Check != Test. Discovery != Testing – Delivering Quality Software
For some while there’s be discussion in the quality space of software engineering around checking and testing. Many of these discussion provide a sensible step forwards in thinking and process. What is clear is that label’s come with baggage – especially in the context of “testing” and “automation” – an ambiguous word these days in the software engineering community.
If we start at the beginning of the process of software development, we essentially have “discovery”, and the capture of requirements – how the feature/story will behave when implemented. In many ways the capture of these requirements in BDD syntax offers at least a machine readable format that hopefully reduces ambiguity, and cuts out a degree of the issues of parse/translate from the n page requirements document.
“Checking” (or old school “validation”) is an acceptable label for ensuring that once the code is deemed “Done”, that the code has implemented the expected behaviour, and passed the acceptance criteria that came out of the the discovery (requirements) phase for the story. Anyone with a Kanban board might want to go with “In Checking” rather than “In Test” 🙂
“Test Automation” (although very ambiguous) is really the reduction of manual “checking” by using code to perform the activity in a more efficient manor.
This leads us to “testing”. One view of testing is the following:
Testing involves exploring the system in creative ways in order to discover the things that you forgot about
In many ways, “testing” as defined above, is really a continuation of “discovery”.
“Discovery” is about understanding an agile feature/story, getting into the detail so that the story can be implemented in code based on the requirements, with an agreed way to check that the requirements have actually been implemented (acceptance criteria).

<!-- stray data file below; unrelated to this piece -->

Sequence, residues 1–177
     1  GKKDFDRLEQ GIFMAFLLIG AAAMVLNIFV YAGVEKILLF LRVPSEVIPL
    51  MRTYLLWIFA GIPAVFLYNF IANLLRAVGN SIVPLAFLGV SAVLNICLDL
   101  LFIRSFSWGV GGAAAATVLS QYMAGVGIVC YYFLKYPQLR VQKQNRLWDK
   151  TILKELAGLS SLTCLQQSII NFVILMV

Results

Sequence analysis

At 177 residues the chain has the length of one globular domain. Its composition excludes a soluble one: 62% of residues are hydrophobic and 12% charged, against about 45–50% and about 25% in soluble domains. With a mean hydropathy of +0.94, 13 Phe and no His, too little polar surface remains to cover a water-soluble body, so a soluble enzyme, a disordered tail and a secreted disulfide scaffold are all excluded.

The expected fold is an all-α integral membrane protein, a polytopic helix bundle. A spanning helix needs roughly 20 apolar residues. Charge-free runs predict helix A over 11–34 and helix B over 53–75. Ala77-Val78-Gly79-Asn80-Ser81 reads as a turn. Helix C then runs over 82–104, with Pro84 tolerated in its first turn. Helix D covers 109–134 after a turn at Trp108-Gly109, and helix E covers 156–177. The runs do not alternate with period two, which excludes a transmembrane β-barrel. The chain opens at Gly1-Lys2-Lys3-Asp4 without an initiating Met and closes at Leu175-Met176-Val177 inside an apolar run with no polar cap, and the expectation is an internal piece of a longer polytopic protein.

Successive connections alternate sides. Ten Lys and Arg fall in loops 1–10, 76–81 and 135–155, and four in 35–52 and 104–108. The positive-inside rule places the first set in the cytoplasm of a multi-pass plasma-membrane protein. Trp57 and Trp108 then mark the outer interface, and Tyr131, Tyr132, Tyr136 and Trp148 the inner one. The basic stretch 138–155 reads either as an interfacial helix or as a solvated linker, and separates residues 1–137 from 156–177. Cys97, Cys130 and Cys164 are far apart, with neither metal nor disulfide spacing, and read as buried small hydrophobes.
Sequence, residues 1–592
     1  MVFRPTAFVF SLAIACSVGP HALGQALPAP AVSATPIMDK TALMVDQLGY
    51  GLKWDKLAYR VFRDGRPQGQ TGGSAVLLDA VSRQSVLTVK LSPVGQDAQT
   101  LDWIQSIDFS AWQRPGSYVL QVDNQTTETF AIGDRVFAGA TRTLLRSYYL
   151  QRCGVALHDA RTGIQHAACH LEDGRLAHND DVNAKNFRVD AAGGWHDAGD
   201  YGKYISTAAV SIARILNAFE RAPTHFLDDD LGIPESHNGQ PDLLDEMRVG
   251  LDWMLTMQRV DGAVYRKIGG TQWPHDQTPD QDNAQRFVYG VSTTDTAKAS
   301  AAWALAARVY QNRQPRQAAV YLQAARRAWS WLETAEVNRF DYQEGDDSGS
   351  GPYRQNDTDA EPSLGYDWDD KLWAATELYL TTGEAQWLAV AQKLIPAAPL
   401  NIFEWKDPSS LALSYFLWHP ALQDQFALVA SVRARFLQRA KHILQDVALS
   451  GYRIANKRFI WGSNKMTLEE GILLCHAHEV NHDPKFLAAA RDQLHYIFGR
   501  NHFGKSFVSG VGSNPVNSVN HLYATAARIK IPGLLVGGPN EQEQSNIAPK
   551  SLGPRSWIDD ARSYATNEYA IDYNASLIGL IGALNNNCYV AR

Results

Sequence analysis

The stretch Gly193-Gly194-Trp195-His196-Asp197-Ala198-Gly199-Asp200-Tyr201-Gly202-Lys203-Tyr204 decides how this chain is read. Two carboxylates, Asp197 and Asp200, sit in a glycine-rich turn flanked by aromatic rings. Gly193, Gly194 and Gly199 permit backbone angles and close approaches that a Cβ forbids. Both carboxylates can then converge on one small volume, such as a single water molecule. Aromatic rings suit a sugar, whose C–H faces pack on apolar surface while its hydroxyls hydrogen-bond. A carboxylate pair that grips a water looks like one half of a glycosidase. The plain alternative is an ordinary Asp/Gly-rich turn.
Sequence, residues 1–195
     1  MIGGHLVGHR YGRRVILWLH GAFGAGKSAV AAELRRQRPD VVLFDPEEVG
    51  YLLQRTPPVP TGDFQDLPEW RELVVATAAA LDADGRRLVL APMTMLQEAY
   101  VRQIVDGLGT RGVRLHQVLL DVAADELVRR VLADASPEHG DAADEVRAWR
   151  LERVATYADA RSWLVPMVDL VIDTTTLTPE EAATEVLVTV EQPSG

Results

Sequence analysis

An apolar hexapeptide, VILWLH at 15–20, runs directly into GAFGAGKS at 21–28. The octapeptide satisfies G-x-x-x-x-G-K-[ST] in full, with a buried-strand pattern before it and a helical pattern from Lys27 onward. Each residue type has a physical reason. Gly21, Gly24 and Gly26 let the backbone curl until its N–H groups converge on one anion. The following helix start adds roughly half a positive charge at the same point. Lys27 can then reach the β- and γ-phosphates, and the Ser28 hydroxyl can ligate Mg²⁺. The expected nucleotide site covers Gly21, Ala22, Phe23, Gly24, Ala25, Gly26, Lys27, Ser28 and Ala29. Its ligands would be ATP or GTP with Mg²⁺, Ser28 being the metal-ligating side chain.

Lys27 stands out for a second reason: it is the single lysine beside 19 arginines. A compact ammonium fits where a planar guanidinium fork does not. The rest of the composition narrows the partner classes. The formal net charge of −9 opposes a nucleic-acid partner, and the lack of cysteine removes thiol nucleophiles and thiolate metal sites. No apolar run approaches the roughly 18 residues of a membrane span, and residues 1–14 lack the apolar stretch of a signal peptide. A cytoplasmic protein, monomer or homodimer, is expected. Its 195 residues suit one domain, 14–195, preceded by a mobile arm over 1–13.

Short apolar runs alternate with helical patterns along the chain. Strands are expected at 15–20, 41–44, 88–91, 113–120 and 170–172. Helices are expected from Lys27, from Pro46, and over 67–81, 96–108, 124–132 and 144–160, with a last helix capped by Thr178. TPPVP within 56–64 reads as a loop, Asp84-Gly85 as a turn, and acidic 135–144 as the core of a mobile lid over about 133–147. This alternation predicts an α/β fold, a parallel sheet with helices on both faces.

“Testing” feels based on the definition above to be an extension of discovery, which is going to be confusing if we now have two words to define how to discovery the required behaviour of a story. Unless a huge amount of time and effort in spent in the initial discovery of a stories requirements, not all the behaviour and acceptance criteria will be captured – its unfortunately life.
In summary, I don’t like ambiguous labels. Further, overloading label that have been around a long time, is in my view dangerous unless you have a way of reminding everyone of the new label definition. My suggestion is that to improve quality of software, we spend a little more time “engaging” in discovery, “check” the story once “done”, and then use the implemented feature to “discovery” is we’ve missed any edge cases, that will allow us to refine the acceptance criteria, and improve our automation checks.